amylase corn, protein block, liquid feed, hand-fed, steers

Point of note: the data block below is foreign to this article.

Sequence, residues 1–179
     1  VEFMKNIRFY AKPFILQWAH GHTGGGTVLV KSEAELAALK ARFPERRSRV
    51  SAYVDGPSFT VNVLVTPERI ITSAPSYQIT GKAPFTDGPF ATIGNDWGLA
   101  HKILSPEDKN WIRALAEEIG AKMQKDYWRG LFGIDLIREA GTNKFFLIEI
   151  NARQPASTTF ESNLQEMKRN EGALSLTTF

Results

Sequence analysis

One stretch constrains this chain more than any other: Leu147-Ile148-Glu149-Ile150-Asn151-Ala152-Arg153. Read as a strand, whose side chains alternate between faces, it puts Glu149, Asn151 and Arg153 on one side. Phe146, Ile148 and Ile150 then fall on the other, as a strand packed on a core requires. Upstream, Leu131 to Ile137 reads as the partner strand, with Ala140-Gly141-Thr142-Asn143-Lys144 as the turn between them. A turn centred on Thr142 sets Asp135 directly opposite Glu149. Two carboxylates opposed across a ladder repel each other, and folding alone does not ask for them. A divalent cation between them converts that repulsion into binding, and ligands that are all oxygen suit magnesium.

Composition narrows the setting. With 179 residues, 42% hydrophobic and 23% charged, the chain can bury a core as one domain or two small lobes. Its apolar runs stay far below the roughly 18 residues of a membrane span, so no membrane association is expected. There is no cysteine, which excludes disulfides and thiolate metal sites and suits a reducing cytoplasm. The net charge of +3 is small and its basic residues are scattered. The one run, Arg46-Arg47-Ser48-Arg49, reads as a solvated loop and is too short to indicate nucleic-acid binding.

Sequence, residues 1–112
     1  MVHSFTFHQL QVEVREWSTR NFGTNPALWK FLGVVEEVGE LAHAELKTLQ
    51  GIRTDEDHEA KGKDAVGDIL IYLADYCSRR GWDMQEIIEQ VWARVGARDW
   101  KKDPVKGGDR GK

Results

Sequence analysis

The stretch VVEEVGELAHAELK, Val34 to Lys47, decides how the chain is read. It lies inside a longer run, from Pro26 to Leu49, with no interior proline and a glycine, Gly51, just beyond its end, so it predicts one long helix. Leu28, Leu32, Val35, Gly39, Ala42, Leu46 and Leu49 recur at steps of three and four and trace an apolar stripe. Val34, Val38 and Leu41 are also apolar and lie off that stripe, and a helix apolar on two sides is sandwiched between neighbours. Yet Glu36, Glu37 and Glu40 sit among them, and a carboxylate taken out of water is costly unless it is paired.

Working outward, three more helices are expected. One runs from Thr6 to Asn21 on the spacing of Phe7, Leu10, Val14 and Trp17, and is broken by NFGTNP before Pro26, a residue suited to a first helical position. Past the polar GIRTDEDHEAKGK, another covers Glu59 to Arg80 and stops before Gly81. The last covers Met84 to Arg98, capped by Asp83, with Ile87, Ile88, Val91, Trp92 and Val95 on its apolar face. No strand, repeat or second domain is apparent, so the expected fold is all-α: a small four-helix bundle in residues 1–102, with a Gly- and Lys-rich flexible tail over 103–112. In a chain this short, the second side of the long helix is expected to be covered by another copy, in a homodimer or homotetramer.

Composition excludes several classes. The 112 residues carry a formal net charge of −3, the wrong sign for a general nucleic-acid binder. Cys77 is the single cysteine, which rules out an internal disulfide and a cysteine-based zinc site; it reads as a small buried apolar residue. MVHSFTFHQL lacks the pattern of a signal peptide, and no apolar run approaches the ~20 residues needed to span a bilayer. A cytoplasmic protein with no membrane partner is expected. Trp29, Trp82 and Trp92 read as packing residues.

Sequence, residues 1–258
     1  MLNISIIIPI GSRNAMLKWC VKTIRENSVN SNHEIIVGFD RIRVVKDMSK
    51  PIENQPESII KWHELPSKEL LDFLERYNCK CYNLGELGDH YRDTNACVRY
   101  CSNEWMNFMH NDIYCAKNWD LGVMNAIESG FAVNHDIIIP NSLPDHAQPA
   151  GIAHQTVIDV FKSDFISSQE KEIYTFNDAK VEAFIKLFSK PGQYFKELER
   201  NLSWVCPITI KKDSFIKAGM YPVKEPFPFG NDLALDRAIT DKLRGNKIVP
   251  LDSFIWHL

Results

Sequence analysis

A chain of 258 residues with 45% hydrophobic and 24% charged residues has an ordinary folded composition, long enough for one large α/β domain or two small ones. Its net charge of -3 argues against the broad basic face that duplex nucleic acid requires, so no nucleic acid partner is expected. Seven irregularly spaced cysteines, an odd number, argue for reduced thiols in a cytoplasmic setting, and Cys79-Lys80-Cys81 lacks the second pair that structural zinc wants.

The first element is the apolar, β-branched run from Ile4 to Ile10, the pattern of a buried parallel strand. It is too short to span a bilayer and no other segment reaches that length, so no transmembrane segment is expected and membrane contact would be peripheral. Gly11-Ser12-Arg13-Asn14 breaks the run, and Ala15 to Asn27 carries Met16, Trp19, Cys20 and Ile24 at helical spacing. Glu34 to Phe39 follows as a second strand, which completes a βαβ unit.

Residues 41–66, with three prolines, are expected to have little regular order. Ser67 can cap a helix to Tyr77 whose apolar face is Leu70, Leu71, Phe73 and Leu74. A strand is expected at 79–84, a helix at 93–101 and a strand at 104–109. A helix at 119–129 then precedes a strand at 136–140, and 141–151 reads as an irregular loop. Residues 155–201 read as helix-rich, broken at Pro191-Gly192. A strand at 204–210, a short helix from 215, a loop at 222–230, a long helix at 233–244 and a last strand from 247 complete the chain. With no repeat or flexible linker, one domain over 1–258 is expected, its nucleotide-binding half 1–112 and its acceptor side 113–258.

Eighty stocker steers were grazed on bromegrass from the end of May to the middle of August and were provided five different feeds while on grass during the summer. Treatments evaluated included (1) mineral only; (2) free-choice supplementation in the form of liquid feed (MIX30) or (3) block format (Mintrate 40 Red); and hand-fed supplements of 60% corn:40% dried distillers grains at 0.5% of body weight on a dry matter basis offered daily where the corn was either an (4) isoline corn (ISO; parent genetic line) or (5) Enogen feed corn (ENO; includes alpha-amylase gene). Steers were weighed every 28 days while on grass and were measured for carcass quality by ultrasound prior to being sold. Hand-fed steers had greater gain than self-fed supplemented steers and these steers tended to have more backfat, marbling, and did have more muscle depth coming off grass than other supplemented steers. Steers that received free-choice mineral or self-fed supplements also had lower gains than steers being hand-fed supplement. During a drought year overall, supplemented steers had a greater gain than non-supplemented controls (receiving mineral only). This advantage became apparent after 56 days on grass when the drought was the most severe and the difference may have become more pronounced if the steers hadn’t been removed from the pasture due to limited biomass. Overall, hand-feeding is the method that maintained a more consistent gain, regardless of pasture quality and biomass production. Evaluation of operational costs of production need to be evaluated before determining if the hand-feeding management strategy is the best for returns to the operation.


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